FLOODING has trapped people in their homes on the Isle of Man as two weeks’ worth of rain will fall in hour today.
The Met Office has warned of torrential rain and thunder for parts of the country ahead of Hurricane Lorenzo battering the UK.
Some regions can expect to get two weeks worth of rain in less than an hour.
By 7.30am this morning there were 78 flood warnings and 191 flood alerts across the nation.
Met Office meteorologist Luke Miall said: “We could see some local quite torrential downpours and a risk of surface water flooding.”
He added that slow moving clouds on Tuesday meant “we could see as much as 40 to 50mm maybe in a couple of hours in some spots”.
Dramatic images show people wading through knee-deep water and kayaking through the streets as cars remain trapped.
A major incident has been declared on the Isle of Man as residents are trapped in their homes and their vehicles have washed away.
The Isle of Man Constabulary have warned residents to stay upstairs and have said roads are severely flooding.
The worst-hit area appears to be Laxey as police have warned residents to not attempt to evacuate their homes amid floodwater surges.
The Isle of Man Constabulary said: “Persons are trapped in at least 3 houses. Fire Rescue and Coastguard are on scene with fast water rescue teams.
“A major incident has been declared with all Govt agencies helping out. We are asking that any persons trapped go up stairs and monitor media.”
At least two schools are closed and several roads are shut due to flooding.
The Met Office has issued a yellow weather warning for Wales, South England, East Anglia and the Midlands between 6am and 8pm today.
It warns of heavy showers and disruption caused by flooding.
This comes just days before Hurricane Lorenzo is set to bring more misery.
The precautionary warning was issued over fears that sea defences between Hunstanton and Snettisham, Norfolk, could be breached.
It applies to 3,000 properties but the vast majority are holiday caravans.
Weather forecasters reckon large swathes of the country could be left under water.
A Met Office yellow rain weather warning covering the South remains in place until 8pm.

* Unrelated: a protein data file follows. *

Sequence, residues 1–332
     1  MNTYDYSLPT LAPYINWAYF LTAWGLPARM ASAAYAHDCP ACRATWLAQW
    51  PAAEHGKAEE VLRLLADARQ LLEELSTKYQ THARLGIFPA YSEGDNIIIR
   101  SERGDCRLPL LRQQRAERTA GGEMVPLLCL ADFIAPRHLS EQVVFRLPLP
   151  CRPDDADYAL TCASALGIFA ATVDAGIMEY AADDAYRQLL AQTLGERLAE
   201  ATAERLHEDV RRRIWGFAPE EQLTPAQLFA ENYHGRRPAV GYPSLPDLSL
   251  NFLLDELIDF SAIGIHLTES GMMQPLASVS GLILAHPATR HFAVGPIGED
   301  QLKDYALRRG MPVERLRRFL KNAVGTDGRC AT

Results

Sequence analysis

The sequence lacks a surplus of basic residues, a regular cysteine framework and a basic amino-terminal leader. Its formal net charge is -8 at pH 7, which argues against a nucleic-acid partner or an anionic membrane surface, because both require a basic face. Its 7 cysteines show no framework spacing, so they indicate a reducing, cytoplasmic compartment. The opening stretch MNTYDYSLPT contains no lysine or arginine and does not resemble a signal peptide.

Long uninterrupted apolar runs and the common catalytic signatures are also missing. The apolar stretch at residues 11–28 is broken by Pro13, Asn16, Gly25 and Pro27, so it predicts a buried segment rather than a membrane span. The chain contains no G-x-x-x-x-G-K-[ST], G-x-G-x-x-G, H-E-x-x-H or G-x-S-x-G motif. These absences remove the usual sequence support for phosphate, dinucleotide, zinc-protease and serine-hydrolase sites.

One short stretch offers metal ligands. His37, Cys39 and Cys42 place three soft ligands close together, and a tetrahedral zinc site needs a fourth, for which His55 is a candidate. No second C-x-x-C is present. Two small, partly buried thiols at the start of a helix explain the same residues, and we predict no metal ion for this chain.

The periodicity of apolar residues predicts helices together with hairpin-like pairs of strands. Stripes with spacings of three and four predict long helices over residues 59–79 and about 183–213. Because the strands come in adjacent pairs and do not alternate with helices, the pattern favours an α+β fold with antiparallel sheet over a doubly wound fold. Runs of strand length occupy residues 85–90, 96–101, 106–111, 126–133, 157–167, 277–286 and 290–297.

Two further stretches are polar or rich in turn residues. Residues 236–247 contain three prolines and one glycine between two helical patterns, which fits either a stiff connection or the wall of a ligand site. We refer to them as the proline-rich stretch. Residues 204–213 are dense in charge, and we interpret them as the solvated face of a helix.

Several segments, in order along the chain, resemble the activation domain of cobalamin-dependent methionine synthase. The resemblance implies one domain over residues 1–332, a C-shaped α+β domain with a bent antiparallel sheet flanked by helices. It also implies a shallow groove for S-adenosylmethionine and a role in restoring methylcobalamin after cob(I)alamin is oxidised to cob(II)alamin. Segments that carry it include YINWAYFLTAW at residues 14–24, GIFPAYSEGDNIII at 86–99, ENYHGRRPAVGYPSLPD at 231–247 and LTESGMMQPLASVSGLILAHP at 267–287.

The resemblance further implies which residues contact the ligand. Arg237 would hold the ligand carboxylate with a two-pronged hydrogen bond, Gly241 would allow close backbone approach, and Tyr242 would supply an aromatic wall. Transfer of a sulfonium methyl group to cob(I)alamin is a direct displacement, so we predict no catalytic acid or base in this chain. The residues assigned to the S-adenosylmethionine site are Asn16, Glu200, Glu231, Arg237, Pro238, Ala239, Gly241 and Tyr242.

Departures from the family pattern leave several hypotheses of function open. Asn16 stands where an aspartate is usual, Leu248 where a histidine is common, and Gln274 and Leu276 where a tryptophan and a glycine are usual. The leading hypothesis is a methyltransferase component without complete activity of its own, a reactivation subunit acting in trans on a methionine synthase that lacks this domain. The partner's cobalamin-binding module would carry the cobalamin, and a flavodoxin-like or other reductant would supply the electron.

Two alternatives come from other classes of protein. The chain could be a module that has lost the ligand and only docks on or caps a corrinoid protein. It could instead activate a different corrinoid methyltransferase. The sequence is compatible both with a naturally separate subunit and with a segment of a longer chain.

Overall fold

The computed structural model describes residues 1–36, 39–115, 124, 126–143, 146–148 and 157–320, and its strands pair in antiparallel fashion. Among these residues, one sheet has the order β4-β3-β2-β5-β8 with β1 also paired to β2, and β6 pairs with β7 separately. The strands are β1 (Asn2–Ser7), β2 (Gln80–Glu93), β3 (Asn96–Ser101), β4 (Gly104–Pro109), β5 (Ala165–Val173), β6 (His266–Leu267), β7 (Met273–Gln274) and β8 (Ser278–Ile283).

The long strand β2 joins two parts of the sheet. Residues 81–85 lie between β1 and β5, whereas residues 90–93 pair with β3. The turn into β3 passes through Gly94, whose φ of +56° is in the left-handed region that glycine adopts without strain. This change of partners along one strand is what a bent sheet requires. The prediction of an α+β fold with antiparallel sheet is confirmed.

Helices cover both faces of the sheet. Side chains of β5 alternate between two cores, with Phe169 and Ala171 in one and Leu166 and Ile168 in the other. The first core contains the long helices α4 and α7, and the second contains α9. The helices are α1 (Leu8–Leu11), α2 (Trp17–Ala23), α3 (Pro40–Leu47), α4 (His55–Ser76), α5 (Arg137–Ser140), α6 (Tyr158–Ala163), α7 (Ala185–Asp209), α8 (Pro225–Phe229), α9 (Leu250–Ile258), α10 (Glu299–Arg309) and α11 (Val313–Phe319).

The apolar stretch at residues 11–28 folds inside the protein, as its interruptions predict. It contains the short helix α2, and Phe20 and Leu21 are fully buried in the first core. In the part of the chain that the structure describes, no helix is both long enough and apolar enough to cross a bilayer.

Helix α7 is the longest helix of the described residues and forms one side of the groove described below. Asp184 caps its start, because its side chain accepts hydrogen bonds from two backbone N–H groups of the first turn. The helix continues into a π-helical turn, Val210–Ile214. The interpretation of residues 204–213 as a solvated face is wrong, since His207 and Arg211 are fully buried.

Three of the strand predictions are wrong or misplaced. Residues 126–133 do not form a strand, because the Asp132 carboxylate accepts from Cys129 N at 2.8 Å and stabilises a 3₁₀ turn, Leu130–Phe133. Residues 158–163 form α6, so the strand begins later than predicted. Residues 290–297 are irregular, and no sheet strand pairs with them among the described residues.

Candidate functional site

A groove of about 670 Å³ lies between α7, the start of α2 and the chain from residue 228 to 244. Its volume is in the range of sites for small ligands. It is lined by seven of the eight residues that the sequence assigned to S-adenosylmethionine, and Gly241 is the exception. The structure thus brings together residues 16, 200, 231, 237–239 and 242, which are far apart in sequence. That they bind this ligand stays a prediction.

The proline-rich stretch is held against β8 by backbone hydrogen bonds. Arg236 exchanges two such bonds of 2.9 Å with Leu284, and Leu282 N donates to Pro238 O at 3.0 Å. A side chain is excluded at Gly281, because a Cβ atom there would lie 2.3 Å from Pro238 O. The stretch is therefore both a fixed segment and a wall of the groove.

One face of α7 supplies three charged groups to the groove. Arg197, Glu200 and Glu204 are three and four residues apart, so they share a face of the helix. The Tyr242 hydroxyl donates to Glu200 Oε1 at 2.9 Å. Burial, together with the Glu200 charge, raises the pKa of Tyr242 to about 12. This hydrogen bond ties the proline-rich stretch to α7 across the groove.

It said fast-flowing or deep floodwaters could cause “a danger to life”.
Some communities could even be cut off.
The Environment Agency said it had issued more than 150 flood alerts and warnings covering the UK.
Derbyshire Fire and Rescue Service said officers rescued an adult and a child trapped in a vehicle caught in floodwater in Bretby, near Burton upon Trent, at around 8pm on Monday.
At around 9pm, crews from North Yorkshire Fire and Rescue Service went to the aid of a woman in a car stuck in floodwater in Cattal Moor Lane, near York.
Photographs taken at the Ship Inn pub in Mevagissey, Cornwall, last night showed floodwater inside the pub and nearby roads submerged.
In west Norfolk, a “precautionary evacuation notice” has been issued for the coastal areas of Hunstanton, Heacham and Snettisham.
‘DANGER TO LIFE’
The Environment Agency said a combination of a high tide due at 8.40am today and predicted force six north-westerly winds could result in flooding in the West Norfolk area.
People are being told to leave caravans and properties in the affected area between 7am and 10am on Tuesday and not to return until it is safe to do so.
They have been urged to take with them any medication, pets and anything urgent they might need over the next 48 hours.
The public are also being advised to take care along beaches, promenades, coastal footpaths and roads as large waves and sea spray could be dangerous.
In the South West, the Environment Agency told people to avoid the seafront and check flood warnings due to forecast high tides and winds.
On Tuesday it said predicted heavy showers could bring a “small chance of fast-flowing or deep floodwater causing danger to life”.
Other warnings are in place along the coast in Cumbria and the North West, the North East and Yorkshire, the South East coast including Dover and Folkestone, and Cornwall in the South West.
The tail-end of Hurricane Lorenzo is then expected to give Britain a kicking on Thursday.
Met Office weather forecaster Nicola Maxey said: “It’s going to be a pretty wet and wild few days.
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‘LIGHTNING & HAIL’
“There is a yellow rain warning in place today.
“The heaviest showers will begin in the South West and Wales before moving eastwards as the day progresses.
“The concern is that this rain is going to fall on already saturated areas which could leading to localised flooding in places.
“If that wasn’t bad enough, there’s a possibility of lightning and hail mixed in with it.”
There will be some respite tomorrow before what’s left of Lorenzo arrives from the Atlantic late on Thursday.
Ms Maxey added: “By the time it reaches us it will have weakened significantly to an ex-tropical storm.”
Daring surfers in Minsterworth, Gloucestershire, rode the River Severn’s tidal bore[/caption]
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She said the 4.2 inches (106mm) average rainfall total for September was above the UK average of 3.8 inches (96mm).
But some areas have seen nearly double their September average.
Dorset typically gets 2.8 inches (72mm) — but for the month a staggering 5.1 inches (129mm) fell.
Council beach huts were washed away in a storm at St Leonards, Sussex[/caption]
A cyclist tries to stay dry in a flooded tunnel at Blackfriars, London[/caption]
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